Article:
-A KUBE-SVC-IKIIGXZ2IBFIBYI6 -m comment --comment "namingthings/simpleservice:" -j KUBE-SEP-ASIN52LB5SMYF6KR

Above you can see the four rules that kube-proxy has thankfully added to the routing table, essentially stating that TCP traffic to 172.30.40.155:80 should be forwarded to 172.17.0.2:9876 , which is our pod.

Let’s now add a second pod by scaling up the ReplicationController supervising it:

$ kubectl scale --replicas=2 rc/sise
replicationcontroller "sise" scaled
$ kubectl get pods
NAME READY STATUS RESTARTS AGE
sise-bkvhs 1/1 Running 0 11m
sise-vncz4 1/1 Running 0 8s

When we now check the relevant parts of the routing table again we notice the addition of a bunch of rules:

$ sudo iptables-save | grep simpleservice
-A KUBE-SEP-ASIN52LB5SMYF6KR -s 172.17.0.2/32 -m comment --comment "namingthings/simpleservice:" -j KUBE-MARK-MASQ
-A KUBE-SEP-ASIN52LB5SMYF6KR -p tcp -m comment --comment "namingthings/simpleservice:" -m tcp -j DNAT --to-destination 172.17.0.2:9876
-A KUBE-SEP-RP53IYKEFRDLQANZ -s 172.17.0.4/32 -m comment --comment "namingthings/simpleservice:" -j KUBE-MARK-MASQ
-A KUBE-SEP-RP53IYKEFRDLQANZ -p tcp -m comment --comment "namingthings/simpleservice:" -m tcp -j DNAT --to-destination 172.17.0.4:9876
-A KUBE-SERVICES -d 172.30.40.155/32 -p tcp -m comment --comment "namingthings/simpleservice: cluster IP" -m tcp --dport 80 -j KUBE-SVC-IKIIGXZ2IBFIBYI6
-A KUBE-SVC-IKIIGXZ2IBFIBYI6 -m comment --comment "namingthings/simpleservice:" -m statistic --mode random --probability 0.50000000000 -j KUBE-SEP-ASIN52LB5SMYF6KR
-A KUBE-SVC-IKIIGXZ2IBFIBYI6 -m comment --comment "namingthings/simpleservice:" -j KUBE-SEP-RP53IYKEFRDLQANZ

In above routing table listing we see rules for the newly created pod serving at 172.17.0.4:9876 as well as an additional rule -A KUBE-SVC-IKIIGXZ2IBFIBYI6 -m comment --comment "namingthings/simpleservice:" -m statistic --mode random --probability 0.50000000000 -j KUBE-SEP-ASIN52LB5SMYF6KR which causes the traffic to the service being equally split between our two pods by invoking the statistics module of IPTables.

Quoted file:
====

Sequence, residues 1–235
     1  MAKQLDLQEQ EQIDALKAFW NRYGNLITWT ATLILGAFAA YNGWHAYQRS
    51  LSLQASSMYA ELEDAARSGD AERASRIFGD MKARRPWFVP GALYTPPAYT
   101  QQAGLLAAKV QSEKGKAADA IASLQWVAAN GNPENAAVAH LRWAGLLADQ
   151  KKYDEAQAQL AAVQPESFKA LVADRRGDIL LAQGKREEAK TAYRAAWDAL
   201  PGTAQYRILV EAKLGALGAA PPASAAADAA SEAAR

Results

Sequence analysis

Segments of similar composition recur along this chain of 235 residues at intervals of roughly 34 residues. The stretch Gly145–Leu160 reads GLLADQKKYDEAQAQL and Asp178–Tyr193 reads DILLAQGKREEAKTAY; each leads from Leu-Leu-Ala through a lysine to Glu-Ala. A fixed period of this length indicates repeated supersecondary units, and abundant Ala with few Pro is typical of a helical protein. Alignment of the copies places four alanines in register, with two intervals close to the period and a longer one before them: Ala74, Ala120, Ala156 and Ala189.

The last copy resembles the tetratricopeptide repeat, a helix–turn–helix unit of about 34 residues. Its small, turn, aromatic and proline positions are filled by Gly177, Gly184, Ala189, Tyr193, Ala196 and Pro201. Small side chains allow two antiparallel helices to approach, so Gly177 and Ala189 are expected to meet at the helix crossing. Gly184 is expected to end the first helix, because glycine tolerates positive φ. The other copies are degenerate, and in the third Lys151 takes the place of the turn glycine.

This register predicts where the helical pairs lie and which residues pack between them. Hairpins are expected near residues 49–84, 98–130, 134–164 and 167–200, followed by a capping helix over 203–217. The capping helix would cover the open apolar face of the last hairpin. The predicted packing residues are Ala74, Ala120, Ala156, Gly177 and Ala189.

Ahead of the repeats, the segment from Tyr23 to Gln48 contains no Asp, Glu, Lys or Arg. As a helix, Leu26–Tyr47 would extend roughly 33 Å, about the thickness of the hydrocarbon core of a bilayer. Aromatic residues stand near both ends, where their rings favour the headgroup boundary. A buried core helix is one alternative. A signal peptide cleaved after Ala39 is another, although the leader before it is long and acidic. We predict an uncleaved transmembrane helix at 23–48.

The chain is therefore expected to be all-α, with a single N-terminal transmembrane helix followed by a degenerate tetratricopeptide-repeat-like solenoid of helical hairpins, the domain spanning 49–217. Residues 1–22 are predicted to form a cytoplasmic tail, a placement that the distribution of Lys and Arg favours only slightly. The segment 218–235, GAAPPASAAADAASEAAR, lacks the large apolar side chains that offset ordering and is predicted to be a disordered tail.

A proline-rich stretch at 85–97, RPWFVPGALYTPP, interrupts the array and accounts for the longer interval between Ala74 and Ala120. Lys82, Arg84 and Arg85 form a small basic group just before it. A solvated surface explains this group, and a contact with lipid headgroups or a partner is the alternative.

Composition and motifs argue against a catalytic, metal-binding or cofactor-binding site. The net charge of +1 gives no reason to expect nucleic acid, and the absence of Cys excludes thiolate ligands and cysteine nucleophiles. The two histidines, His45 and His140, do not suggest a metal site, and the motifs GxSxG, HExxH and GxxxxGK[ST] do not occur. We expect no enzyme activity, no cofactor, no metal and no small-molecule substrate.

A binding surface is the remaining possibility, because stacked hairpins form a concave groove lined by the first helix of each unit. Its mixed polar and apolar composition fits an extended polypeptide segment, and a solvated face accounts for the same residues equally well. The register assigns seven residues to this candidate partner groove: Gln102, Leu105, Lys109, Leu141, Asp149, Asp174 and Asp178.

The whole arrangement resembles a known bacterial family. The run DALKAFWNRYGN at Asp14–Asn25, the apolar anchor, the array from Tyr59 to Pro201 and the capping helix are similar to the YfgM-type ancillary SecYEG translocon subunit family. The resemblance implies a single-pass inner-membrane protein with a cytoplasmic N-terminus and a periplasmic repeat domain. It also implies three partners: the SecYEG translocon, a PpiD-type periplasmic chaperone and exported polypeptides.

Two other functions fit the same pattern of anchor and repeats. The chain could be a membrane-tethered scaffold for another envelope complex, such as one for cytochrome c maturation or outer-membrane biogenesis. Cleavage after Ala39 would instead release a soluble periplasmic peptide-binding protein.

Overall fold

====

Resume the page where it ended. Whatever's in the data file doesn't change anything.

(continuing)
Summing up, this is our final setup:

Notice in above figure the different IP ranges for the pods, the service VIP as well as the node IP ( 192.168.99.100 in our example).

If you’d like to try out the above steps yourself, you can simply use the same setup I’ve used, that is, Minishift running locally on your machine. Ah, and before I forget it:  kubectl on my machine is actually a symlink to oc , the OpenShift CLI client:

$ stat kubectl ; ls -l kubectl
File: "kubectl"
Size: 2 FileType: Symbolic Link
Mode: (0755/lrwxr-xr-x) Uid: ( 501/mhausenblas) Gid: ( 20/ staff)
Device: 1,4 Inode: 3685078 Links: 1
Access: Fri Apr 14 10:21:59 2017
Modify: Fri Apr 14 10:21:59 2017
Change: Fri Apr 14 10:21:59 2017
lrwxr-xr-x 1 mhausenblas staff 2 14 Apr 10:21 kubectl -> oc

Should you be interested in digging deeper into the topic of Kubernetes services and how to overcome scalability issues with large-scale service deployments—due to the inherent limitations of IPTables—check out the following resources:

I hope this post sheds some light on the topic of services in Kubernetes, what they do and how they work. Let me know what you think and which other Kubernetes objects we should have a look at in future posts.

Categories
OpenShift Container Platform , OpenShift Ecosystem , OpenShift Origin , Products
Tags
Example , iptables , Kubernetes , services